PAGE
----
Beirut: Mona Hallak, 26, landed on the tarmac of the Beirut International Airport in 1994, four years after the end of Lebanon’s 15-year civil war, and headed straight to the centre of the capital.
Downtown Beirut was once a glitzy hot spot for the city’s cosmopolitan elite, but the central area fell victim to the conflict that erupted between Lebanon’s Muslim, Christian and Druze communities.
And upon returning in the mid-90s, the young Lebanese architect found that the country’s national postwar reconstruction process had already begun and was threatening to raze the downtown’s history to the ground. Many of the buildings she knew before the war had already been buried beneath rubble or had been flattened by bulldozers.
Shocked, Hallak continued to search for something familiar.
Nearly three kilometres southeast, along the former front line known as the “green line,” she came upon a striking but abandoned Ottoman-era building riddled with war wounds.
Several families had lived in the ageing, yellow Barakat building before the war.
But when fighting began, warring militias occupied the building due to its strategic location and height (it’s about 24 metres tall). When the conflict ended in 1990, the building was abandoned.
For Hallak, the building was the beginning of an ongoing effort to create the first museum dedicated to commemorating Beirut’s history, especially the years it endured a civil war.
More than 20 years later, the project has now become emblematic of the postwar reconciliation process in a country that remains divided over how to remember its past.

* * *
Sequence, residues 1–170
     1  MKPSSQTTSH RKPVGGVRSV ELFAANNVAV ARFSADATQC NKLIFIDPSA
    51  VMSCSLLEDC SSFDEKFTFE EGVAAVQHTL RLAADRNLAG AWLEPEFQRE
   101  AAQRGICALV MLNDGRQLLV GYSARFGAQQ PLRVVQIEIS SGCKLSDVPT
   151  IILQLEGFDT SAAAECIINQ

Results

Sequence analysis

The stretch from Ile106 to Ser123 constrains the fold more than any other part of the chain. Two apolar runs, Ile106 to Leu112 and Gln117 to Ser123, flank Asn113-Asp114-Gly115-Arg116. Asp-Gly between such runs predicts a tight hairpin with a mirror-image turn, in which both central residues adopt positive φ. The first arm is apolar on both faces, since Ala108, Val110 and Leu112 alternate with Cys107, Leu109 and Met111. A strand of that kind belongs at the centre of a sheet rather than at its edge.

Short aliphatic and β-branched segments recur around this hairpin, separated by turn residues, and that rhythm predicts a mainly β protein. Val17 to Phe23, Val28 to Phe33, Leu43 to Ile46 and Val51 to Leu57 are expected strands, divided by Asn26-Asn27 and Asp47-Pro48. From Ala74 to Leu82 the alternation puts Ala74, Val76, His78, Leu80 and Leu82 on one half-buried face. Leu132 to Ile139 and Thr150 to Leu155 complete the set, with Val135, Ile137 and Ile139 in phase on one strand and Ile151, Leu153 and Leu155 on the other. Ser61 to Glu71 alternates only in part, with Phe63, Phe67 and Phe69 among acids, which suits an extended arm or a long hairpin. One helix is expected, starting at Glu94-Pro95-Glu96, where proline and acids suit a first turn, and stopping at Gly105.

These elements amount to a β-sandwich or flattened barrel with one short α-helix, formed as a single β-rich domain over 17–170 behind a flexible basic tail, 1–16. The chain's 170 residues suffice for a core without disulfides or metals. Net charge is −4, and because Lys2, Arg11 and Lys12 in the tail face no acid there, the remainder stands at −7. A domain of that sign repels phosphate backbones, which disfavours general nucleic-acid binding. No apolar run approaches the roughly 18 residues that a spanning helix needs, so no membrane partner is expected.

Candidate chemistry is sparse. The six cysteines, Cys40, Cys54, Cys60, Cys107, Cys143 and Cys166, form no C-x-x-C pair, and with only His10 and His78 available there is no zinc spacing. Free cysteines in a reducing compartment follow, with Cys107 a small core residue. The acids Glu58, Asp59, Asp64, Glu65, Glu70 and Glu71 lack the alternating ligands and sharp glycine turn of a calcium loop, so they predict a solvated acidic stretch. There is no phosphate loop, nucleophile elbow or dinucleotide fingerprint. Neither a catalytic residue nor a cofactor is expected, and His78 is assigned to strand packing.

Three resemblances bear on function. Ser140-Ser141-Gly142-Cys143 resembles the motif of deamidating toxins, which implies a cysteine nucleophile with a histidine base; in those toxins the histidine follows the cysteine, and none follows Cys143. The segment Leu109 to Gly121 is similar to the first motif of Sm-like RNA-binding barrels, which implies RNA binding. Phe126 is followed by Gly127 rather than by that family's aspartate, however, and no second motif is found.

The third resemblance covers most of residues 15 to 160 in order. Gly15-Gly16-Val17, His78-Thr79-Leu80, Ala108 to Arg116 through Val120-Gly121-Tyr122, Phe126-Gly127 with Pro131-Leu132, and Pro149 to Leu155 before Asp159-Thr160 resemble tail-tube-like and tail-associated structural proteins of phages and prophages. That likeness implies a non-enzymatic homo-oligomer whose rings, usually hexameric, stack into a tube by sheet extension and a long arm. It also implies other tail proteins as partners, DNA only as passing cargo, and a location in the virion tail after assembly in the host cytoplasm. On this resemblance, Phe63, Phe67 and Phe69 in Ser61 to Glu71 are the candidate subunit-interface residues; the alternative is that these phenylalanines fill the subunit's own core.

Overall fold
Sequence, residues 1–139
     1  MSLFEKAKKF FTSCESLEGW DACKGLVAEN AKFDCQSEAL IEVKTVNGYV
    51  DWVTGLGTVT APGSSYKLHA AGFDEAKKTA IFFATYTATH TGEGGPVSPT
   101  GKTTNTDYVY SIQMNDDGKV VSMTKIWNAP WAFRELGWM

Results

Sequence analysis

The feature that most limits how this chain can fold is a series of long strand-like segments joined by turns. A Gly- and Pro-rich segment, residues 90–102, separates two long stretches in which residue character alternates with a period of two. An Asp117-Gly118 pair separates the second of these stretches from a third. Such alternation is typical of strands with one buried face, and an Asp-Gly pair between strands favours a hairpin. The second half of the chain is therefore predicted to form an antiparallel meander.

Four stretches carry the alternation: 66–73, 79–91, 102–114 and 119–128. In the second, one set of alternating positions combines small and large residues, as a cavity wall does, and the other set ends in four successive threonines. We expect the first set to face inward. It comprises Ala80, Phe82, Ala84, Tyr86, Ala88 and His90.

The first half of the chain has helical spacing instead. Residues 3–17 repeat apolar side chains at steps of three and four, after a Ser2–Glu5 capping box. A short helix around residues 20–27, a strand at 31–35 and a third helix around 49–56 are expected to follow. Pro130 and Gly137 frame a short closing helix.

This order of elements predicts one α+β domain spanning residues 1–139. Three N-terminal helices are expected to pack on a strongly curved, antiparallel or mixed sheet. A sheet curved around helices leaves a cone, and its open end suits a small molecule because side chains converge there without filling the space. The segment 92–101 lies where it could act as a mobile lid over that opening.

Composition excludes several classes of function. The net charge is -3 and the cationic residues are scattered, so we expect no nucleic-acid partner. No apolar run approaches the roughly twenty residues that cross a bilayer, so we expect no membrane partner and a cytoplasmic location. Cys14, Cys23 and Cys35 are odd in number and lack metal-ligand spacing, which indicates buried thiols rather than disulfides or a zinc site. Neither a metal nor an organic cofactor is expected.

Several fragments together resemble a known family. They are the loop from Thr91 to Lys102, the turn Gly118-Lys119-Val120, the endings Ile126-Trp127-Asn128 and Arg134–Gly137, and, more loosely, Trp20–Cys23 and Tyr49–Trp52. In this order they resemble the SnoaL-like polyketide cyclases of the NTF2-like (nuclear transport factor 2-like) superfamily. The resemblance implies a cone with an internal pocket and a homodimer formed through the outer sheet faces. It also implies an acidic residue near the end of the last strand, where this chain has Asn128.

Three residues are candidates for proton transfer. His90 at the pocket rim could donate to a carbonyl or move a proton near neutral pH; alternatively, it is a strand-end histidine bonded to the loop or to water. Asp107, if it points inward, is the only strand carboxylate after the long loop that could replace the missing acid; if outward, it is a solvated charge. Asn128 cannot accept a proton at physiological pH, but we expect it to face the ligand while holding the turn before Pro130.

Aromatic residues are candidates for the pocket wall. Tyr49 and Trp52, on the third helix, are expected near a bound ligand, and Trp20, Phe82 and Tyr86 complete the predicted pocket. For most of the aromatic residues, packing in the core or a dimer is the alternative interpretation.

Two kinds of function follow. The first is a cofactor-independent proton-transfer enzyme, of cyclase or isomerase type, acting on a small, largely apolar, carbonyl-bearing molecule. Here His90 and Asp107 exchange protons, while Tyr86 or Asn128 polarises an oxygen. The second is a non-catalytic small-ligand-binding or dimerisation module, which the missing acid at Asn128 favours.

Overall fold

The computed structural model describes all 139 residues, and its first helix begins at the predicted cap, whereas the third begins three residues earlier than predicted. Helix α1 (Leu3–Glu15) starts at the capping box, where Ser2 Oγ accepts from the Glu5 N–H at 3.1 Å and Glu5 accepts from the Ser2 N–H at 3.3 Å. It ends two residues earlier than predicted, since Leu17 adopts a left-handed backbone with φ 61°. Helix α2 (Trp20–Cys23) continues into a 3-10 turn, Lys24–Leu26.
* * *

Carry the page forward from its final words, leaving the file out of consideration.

While civil society groups and non-profit are working to confront the issues of memory and forgiveness, most Lebanese political parties, many of whom were active in the war, are not.
Lebanon, according to the International Centre for Transitional Justice, or ICTJ, has “state-sponsored amnesia.”
History textbooks do not teach the war.
There has yet to be a truth commission established to settle the cases of the thousands who disappeared during the fighting.
And there have been no serious attempts to hold perpetrators of war crimes accountable.
In Sept. 1997, when owners of the Barakat building were requesting its demolition, Hallak spearheaded a campaign for its preservation, arguing that it held intangible value to the city.
“Here, history is a political issue because it cannot be agreed upon by those in power, and across the country,” says Maha Shuayb, president of the Lebanese Association for History, a collective of history educators and activists who advocate for the development of Lebanon’s history curriculum.
Shuayb, who also directs the Centre for Lebanese Studies, has long worked with educators and the government to update Lebanon’s curriculum, which is unchanged since the 60s, and fails to include the war. She says her attempts have been fruitless because the Lebanese government has not been able to agree on how to teach or remember the bloody conflict.
Rather than addressing the sectarian divisions that sparked the war, the Lebanese state perpetuates the same divisions in society, she added.
Civil society responsibility
Consequently, the burden of steering the country’s truth and reconciliation process falls to civil society. But this endeavour cannot hope to succeed without the input of public stakeholders, most notably the Lebanese state itself, says Ziad Saab, a former civil war militant who now runs the only organisation in Lebanon uniting former combatants from different political, religious and social backgrounds.